acknowledge it in his bio in the program?  And how would he know whether 
or not RR was its actual author and owner? Maybe Ralph Richardson 
"borrowed" it himself.

Charles Weinstein's own personal standard as a critic or audience member 
may be one of strict liability, but I don't think it is the  standard in 
the theater, where actors' and directors' choices are not  held quite as 
closely as, say, George Harrison's lyrics. I grant that duplicating a 
director's entire production would be plagiarism and malfeasance, but I 
don't think actors and directors think of themselves as owners of a 
particular line reading or scene blocking or gesture or stage business. 
The very few times I have heard complaints about being copied it sounded 
to me like camouflaged bragging.

Bob Projansky

[5]-------------------------------------------------------------
From: 		Joseph Egert <
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Date: 		Monday, 23 Apr 2007 10:45:58 -0700 (PDT)
Subject: 18.0295 Alms for Oblivion
Comment: 	Re: SHK 18.0295 Alms for Oblivion

Here, with his permission, is Dan Venning's reply to my query:

>Dear Joe:
>
>A few rambling thoughts in response to your closing question:
>
>There is absolutely no way the patron in question would win a case that
>actually went to trial, although if s/he were seriously irate enough,
>threatening legal action would possibly, but probably not, be enough to
>frighten or annoy the theater into refunding the ticket.
>
>The reason it might work: theatres are poor, in general. They're afraid 
of
>anything that would cost them money (of course, this makes one ticket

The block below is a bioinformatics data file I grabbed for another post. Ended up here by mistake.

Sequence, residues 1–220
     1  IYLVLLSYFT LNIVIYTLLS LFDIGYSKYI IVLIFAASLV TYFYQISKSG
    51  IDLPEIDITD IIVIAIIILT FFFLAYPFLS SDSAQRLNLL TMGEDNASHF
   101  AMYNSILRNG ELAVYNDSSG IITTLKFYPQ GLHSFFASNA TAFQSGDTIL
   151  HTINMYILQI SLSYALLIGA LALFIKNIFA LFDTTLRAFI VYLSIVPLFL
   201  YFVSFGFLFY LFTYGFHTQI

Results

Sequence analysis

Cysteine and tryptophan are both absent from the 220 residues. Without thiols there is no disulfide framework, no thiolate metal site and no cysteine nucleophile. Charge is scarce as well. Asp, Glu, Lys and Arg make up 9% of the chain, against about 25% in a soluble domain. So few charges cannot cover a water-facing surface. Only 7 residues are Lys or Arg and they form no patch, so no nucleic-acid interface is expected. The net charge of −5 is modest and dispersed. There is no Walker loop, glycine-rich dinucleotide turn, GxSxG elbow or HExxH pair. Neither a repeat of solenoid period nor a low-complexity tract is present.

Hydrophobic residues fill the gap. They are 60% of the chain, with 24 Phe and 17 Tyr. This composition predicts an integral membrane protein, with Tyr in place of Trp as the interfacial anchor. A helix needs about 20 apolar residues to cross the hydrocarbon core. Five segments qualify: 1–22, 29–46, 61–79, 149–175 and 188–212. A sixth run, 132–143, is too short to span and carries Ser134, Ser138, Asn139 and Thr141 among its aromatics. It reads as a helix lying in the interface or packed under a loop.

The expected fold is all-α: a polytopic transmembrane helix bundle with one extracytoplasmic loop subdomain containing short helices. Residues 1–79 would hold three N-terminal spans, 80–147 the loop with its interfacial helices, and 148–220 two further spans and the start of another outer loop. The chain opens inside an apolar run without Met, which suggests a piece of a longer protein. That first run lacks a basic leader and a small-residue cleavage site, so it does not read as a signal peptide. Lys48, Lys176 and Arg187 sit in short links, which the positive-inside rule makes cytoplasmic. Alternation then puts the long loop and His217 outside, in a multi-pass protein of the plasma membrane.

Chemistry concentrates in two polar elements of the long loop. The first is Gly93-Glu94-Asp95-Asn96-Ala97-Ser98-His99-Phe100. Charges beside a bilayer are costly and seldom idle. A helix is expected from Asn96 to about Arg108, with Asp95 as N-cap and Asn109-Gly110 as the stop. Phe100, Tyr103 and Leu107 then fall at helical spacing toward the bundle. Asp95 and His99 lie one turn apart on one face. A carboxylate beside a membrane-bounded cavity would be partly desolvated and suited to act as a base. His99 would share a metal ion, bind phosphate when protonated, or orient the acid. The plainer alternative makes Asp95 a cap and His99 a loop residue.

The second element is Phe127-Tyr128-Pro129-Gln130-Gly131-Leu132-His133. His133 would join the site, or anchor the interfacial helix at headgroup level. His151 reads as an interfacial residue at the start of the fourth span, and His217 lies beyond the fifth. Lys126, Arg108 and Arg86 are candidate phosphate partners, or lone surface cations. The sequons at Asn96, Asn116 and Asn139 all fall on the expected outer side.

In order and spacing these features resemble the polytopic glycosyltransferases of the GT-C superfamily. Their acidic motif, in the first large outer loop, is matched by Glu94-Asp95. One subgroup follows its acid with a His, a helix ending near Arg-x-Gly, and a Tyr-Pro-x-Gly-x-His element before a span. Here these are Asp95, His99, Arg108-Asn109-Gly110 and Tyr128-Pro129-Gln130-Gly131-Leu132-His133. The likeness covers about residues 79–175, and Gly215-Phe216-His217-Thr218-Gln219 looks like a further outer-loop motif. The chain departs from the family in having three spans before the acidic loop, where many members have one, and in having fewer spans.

price
>valuable to them).
>
>The reason it probably wouldn't work: Principle. Theatre managers will 
not
>want to start a precedent of refunding tickets when patrons aren't happy
>with the production.
>
>Why wouldn't legal action work? Because the theatres have a plethora of
>arguments in their favor: Traditionally, one is not allowed to get one's
>money back after a production because one didn't like it, for whatever
>reason. Shakespeare's texts are not fixed, stable entities, and are not
>under copyright, so directors have the freedom to adapt them. There is a
>tradition of liberal adaptation in staging Shakespearean plays, so an
>audience member should always be prepared for the possibility of a
>nontraditional performance, even a radically nontraditional one. If the
>audience member had read Weinstein's review beforehand, this would be 
even
>more problematic, because s/he had essentially been warned.
>
>That last reason is why the "false advertising" argument wouldn't work,
>either. Saying, "CORIOLANUS, by William Shakespeare," is not the same as
>advertising "CORIOLANUS, exactly as written by William Shakespeare, 
without
>alteration whatsoever." Perhaps it would have been more honest, in this
>case, to say "CORIOLANUS, adapted from William Shakespeare," but even the
>Wooster Group's HAMLET had the line, "by William Shakespeare," and every
>audience member knew that the play was HAMLET by The Wooster Group (&
>Shakespeare). When attending a production of one of Shakespeare's plays, 
one
>has to take the "by William Shakespeare" with a grain of salt until
>evaluating the production.
>
>On the other hand, if the patron was seriously offended and really wanted 
to
>hit the theatre where it hurt, instead of demanding his/her money back, 
s/he
>should write an eloquent letter to the theatre explaining exactly why 
s/he
>will NEVER return to this particular venue (especially powerful if the
>patron has been a subscriber). Theatres pay attention to such letters,
>because every patron counts.
>
>Hope these rambling thoughts are of interest to you,
>
>Dan Venning